When is Google Merchant Center Worth It?

Google Merchant Center Review

Google Merchant Center almost never makes sense for a small or medium sized business…unless, of course, you actually have tons of products, a product ad spend budget, have a shot at seizing a slice of profitable niche market share and have a good captain at the helm of your campaign. And then it makes all kinds of sense. Automated solutions typically don’t offer quality, and that’s where Ecommerce platform-specific marketing solutions typically fall flat due to lack of insight and experience of the marketer (that’s now YOU!). The medium is limited by your own skill sets or lack thereof. Are you a capable marketer familiar with the concepts and tools of the trade? Can you verify keyword research easily via third-party tools? Or will you be herded by an automated prompt?

Expert, experienced management and refinement of Google Products by a AdWords certified manager is normally your best bet to make sure that you’re taking advantage of this powerful extension of your Google advertising. Google Products works hand-in-hand with Google AdWords campaign management tools, as well as with other factors like Google+ authorship. When taking a balanced approach to Google Products, the outcome is far more likely to yield high first-page visibility for your top product keywords and a greater share of leads in your market niche.

Ask us how Google Merchant Center can help your Ecommerce product website:

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14 Replies to “When is Google Merchant Center Worth It?”

  1. I recently had tried to utilize Google shopping for one of my customers and I was not impressed. Yes they received a bunch of clicks and the cost per click was very low, but it really didn’t prove any true value. I would assume that it is different for every industry, but i wasn’t impressed.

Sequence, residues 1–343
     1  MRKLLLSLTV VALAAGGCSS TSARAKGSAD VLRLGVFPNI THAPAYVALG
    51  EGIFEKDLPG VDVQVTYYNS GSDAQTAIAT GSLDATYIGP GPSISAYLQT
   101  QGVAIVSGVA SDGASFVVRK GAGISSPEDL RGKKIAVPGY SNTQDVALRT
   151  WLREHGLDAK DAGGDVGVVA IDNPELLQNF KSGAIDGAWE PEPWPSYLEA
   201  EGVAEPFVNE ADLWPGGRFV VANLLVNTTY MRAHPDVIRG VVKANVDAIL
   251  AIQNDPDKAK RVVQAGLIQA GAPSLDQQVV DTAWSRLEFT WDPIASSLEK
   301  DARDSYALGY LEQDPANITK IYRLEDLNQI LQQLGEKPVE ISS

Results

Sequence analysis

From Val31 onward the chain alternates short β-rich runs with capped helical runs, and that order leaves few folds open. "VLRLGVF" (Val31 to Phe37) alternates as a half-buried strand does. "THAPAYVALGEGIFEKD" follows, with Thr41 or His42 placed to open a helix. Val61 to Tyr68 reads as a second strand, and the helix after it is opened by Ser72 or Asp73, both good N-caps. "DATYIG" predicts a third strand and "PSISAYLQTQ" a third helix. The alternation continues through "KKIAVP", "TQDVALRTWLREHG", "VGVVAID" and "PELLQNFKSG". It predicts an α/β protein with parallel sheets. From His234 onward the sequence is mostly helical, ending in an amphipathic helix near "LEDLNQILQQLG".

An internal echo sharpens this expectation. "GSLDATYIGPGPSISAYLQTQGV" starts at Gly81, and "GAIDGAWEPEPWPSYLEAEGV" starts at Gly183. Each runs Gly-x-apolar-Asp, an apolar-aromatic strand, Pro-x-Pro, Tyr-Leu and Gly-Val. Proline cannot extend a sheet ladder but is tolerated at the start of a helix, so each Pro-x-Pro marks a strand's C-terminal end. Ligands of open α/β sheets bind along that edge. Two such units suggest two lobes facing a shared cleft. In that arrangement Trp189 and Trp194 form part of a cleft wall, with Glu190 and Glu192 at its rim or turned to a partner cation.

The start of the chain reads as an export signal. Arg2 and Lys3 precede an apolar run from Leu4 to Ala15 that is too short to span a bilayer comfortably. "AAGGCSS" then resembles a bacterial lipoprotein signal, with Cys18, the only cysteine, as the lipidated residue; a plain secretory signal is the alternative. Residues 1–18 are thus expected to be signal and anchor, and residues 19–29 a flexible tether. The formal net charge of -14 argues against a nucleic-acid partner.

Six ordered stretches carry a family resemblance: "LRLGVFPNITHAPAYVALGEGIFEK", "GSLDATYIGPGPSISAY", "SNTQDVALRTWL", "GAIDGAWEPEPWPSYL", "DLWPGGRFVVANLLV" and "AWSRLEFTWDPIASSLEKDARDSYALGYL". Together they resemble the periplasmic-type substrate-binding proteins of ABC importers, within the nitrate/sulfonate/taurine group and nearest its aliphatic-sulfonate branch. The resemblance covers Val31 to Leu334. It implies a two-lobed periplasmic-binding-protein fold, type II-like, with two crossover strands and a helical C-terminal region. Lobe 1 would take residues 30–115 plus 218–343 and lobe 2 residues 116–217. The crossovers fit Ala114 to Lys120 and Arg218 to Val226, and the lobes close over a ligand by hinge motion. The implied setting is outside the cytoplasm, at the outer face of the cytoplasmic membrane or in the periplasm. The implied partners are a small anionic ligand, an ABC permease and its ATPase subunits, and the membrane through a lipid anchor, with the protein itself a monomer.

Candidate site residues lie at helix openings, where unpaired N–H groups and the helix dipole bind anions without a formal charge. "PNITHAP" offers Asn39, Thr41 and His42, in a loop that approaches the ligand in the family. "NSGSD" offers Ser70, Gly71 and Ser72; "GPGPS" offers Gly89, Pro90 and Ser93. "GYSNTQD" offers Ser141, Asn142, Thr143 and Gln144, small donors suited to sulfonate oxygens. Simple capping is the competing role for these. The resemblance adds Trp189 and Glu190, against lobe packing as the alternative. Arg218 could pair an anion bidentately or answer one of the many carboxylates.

1. It really needs sufficient budget and research. Without the budget, I agree, it can be challenging to compensate. The only answer is increase budget or start from one product and limited keywords with priority on fringe search phrases. Why spread it out?

  2. The is really no Google-enforced minimum spend budget on AdWords/Google Products type campaigns, but there is a minimum spend needed for it to make sense. We would recommend $500+ as any lower and you are starting to push the envelope as far as what is too low. You also need to factor in the focus on x # of keywords, so clearly for $250, 25 products gives you a $10 per product per month divided by many keywords. That’s just not realistic, whereas $1000/mo for a single product or up to 3 might easily yield better results due to stronger focus.

      1. I just know that it isn’t really sensible to omit the market dominator for paid search unless you’re making some kind of an art statement….numbers matter in marketing and search is owned by Google at this point, for better or worse. When your competitors are basically cloning your tools and importing your campaigns into their system, it’s time to admit who the leader in that game. 😉

    1. I don’t think this article would refute that, at least not in intention. Google products are dependent upon tagging to a large extent and rely on landing page quality, also to large extent an SEO on-page issue.

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